Get off the fence
Responsible leaders, whether in government or business, demand the best available information from their advisers and experts before making consequential decisions. But knowing when to act in the absence of certainty is the true test of wisdom. Few issues illustrate this truism better than the threat of the collapse of the thermohaline circulation.
The THC is what keeps Europe, and much of the East Coast of the U.S., warmer than most other parts of the world at similar latitudes. The Gulf Stream, which carries warm, salty water up from the tropics to the vicinity of Iceland, is part of this "conveyor belt" of heat, although the full story is more more complicated.
Should the THC shut off, Europeans and, to a lesser degree, New Englanders would find life very uncomfortable. It would be a Very Bad Thing, probably wrecking entire economies, depending on how fast it happened, and possibily threatening global food supplies.
And climate change is threatening to do just that, by melting freshwater ice in Greeland and elsewhere in the north polar region. If enough cold, fresh water pours quickly enough into the North Atlantic, the warm, salty water from the south will no longer be warm and salty enough to sink when it gets to the Arctic. And it is the sinking of that water that drives the THC.
Scientists believe it has shut down in the past, most notably 15,000 years ago when, as the world warmed itself out the last Ice Age, a lot of ice in Canada melted and poured out through the St. Lawrence River valley, stopping the THC dead in its tracks, and preventing it from restarting for about 2,000 years.
So what are the chances of this happening anytime soon? Until now, few climatologists would dare say. A few months ago, the conventional wisdom was that the probability of a complete shutdown was extremely low. But not anymore.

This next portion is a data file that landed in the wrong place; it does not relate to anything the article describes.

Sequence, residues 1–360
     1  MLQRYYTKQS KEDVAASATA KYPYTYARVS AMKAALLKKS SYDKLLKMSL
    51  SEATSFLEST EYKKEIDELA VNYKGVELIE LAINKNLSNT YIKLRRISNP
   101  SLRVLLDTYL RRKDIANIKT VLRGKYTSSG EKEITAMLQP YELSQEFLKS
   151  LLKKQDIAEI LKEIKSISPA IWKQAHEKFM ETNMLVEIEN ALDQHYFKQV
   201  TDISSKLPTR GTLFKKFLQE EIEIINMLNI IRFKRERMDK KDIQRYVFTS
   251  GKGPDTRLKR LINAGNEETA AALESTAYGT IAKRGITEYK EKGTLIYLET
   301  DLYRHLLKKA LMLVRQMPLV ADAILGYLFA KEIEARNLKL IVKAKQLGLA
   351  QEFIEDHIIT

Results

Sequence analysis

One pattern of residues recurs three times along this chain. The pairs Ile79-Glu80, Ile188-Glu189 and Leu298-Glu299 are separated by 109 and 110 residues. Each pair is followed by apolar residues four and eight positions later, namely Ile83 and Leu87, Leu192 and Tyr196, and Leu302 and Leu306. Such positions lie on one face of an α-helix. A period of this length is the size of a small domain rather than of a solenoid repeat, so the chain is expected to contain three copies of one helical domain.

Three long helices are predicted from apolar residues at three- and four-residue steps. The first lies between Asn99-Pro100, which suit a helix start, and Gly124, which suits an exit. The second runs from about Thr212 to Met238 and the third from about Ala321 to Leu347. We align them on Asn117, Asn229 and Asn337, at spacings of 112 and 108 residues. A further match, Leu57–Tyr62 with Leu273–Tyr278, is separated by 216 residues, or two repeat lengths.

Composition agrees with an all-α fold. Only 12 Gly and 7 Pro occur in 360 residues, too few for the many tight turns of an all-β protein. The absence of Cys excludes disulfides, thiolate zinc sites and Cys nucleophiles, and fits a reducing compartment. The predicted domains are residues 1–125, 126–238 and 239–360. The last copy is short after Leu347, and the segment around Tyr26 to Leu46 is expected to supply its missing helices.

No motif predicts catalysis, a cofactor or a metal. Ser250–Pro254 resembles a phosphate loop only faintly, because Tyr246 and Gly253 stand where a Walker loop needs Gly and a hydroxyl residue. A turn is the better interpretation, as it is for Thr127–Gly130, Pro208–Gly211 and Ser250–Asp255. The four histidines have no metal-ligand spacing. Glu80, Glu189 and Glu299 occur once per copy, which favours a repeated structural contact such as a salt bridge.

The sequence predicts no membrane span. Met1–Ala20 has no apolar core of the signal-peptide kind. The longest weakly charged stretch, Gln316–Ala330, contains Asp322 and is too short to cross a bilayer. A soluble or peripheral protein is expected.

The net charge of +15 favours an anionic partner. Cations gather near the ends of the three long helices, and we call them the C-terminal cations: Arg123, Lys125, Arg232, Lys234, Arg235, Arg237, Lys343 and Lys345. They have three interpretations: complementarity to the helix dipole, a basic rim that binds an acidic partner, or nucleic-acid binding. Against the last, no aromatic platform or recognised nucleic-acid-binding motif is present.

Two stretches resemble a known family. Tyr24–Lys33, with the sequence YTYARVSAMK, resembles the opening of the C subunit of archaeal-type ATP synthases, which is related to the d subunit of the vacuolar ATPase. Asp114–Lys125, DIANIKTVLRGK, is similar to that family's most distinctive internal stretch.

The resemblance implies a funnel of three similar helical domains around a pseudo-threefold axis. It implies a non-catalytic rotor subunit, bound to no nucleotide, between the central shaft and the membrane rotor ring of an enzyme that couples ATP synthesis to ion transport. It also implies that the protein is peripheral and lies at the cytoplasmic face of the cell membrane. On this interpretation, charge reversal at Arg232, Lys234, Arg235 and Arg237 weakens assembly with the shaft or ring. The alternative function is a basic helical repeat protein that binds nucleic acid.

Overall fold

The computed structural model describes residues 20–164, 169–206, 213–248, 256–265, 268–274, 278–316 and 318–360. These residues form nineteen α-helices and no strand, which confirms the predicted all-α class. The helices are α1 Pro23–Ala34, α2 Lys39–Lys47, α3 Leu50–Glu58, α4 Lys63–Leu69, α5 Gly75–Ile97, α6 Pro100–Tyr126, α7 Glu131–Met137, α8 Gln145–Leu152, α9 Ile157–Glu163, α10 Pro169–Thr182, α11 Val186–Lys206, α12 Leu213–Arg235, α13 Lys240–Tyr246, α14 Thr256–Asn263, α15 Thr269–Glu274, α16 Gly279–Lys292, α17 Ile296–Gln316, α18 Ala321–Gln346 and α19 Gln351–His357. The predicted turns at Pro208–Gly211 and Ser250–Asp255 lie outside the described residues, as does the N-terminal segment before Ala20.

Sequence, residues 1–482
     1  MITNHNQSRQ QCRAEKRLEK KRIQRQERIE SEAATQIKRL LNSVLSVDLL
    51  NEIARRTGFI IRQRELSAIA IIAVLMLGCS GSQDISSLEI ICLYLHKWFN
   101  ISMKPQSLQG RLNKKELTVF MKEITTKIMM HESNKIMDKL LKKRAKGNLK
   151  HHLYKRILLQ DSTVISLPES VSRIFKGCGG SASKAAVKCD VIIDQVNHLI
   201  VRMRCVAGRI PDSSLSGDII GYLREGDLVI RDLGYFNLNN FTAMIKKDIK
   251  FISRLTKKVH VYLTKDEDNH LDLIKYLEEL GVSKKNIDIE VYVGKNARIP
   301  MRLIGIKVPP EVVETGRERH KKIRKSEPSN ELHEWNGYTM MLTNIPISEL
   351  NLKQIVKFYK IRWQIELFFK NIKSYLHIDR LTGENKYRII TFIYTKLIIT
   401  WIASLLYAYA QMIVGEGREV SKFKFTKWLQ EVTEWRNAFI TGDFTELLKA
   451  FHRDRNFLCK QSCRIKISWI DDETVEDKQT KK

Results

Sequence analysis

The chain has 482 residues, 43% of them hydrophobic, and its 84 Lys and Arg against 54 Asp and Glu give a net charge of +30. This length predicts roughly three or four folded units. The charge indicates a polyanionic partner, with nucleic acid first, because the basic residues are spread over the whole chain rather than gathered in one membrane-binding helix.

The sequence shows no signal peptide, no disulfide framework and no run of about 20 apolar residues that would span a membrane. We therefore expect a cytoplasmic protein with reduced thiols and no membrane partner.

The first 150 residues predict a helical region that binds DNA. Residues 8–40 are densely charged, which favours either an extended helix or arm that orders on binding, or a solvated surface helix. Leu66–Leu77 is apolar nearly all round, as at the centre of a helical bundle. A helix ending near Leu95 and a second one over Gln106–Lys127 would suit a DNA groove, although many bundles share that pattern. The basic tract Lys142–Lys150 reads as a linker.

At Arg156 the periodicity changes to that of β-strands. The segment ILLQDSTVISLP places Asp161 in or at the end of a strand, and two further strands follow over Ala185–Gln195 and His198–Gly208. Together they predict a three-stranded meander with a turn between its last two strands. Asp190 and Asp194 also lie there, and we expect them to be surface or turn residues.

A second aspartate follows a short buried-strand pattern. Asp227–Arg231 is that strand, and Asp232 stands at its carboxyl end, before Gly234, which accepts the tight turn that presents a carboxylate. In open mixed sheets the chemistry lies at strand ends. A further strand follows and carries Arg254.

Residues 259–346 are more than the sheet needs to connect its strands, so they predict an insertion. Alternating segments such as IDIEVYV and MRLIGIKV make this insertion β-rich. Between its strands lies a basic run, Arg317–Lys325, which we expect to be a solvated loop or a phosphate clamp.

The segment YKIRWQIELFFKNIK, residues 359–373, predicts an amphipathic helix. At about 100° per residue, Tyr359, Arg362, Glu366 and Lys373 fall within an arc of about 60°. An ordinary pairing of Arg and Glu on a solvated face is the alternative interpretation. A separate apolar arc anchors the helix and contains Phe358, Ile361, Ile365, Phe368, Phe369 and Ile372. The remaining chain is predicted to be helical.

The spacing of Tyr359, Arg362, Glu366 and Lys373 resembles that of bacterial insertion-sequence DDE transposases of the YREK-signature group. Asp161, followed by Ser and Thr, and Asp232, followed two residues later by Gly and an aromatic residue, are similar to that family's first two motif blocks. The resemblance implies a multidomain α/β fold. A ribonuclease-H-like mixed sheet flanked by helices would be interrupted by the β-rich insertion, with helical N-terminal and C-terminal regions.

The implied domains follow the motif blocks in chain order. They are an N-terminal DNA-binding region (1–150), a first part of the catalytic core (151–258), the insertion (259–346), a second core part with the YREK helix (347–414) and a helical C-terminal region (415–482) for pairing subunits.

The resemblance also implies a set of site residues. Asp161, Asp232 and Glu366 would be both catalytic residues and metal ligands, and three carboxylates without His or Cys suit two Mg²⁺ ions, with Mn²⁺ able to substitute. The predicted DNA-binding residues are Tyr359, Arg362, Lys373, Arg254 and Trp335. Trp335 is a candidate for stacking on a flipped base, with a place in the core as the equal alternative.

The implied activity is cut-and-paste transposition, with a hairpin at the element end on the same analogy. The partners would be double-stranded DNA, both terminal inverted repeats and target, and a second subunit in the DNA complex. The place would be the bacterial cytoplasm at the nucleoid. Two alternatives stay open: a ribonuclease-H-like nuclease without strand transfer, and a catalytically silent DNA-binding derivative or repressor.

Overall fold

A new study (pdf), based on six years of research of the THC, was carried out by a team of climatologists at the University of Illinois at Urbana-Champaign, Wesleyan University and Princeton University. Not a shabby lot, I would say.
Lead author Michael Schlesinger, a professor of atmospheric sciences at Illinois, presented the group's findings to the global climate change conference in Montreal this week. It was well timed, coming on the heels of another report in Nature that describes a 30-percent decrease in the overall circulation of the THC in the North Atlantic. (Real Climate has a good summary of the Nature report here, and for the latest study, there's a good no-jargon story at Brightsurf News.)
Schlesinger et al. conclude that there is a 65 percent chance the THC will have shut down by 2200. Frightening, but still too far away to really scare anyone. The probability falls to 45 percent for sometime between the day after tomorrow and 2100. It might be possible to trim it down to about 28 percent, if we introduce immediate and severe economic countermeasures, such as a carbon tax of $100/tonne and a cap on emissions of all of fossil fuels, but given the resistance to such proposals evident at the Montreal talks ... well, you know how the US feels about that sort of thing.
The study's language is disturbingly blunt for a scientific paper:
One cannot but be taken by the fact that absent any climate policy, there appears to be a greater than 50% likelihood of a collapse of the Atlantic THC. Furthermore, even with the policy intervention of a carbon tax there appears to be a greater than 25% likelihood of a collapse. Such high probabilities are worrisome.So: How much more confidence in their predictions will the climatologists have to supply before governments see fit to do something about this threat? When will we stop demanding the impossible 100 percent certainty of impending disaster?
Your guess is as good as mine.